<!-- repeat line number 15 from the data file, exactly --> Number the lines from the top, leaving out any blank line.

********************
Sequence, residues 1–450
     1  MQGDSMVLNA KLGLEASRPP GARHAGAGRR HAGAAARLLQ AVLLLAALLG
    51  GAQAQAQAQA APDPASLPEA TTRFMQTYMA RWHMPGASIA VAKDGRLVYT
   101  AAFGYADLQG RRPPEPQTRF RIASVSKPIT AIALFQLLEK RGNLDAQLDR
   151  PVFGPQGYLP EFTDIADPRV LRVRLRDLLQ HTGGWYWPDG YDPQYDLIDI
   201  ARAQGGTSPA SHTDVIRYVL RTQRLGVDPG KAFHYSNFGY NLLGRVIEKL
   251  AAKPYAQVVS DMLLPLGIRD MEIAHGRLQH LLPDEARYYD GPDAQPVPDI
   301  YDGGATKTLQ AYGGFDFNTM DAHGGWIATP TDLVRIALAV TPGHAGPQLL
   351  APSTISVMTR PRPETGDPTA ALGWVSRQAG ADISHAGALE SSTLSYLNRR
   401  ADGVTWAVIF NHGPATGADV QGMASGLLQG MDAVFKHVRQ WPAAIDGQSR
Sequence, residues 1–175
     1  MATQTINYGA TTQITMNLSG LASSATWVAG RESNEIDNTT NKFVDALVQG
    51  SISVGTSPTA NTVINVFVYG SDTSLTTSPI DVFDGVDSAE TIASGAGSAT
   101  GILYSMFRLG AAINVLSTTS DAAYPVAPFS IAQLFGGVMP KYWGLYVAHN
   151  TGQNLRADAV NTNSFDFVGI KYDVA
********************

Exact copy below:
   151  TGQNLRADAV NTNSFDFVGI KYDVA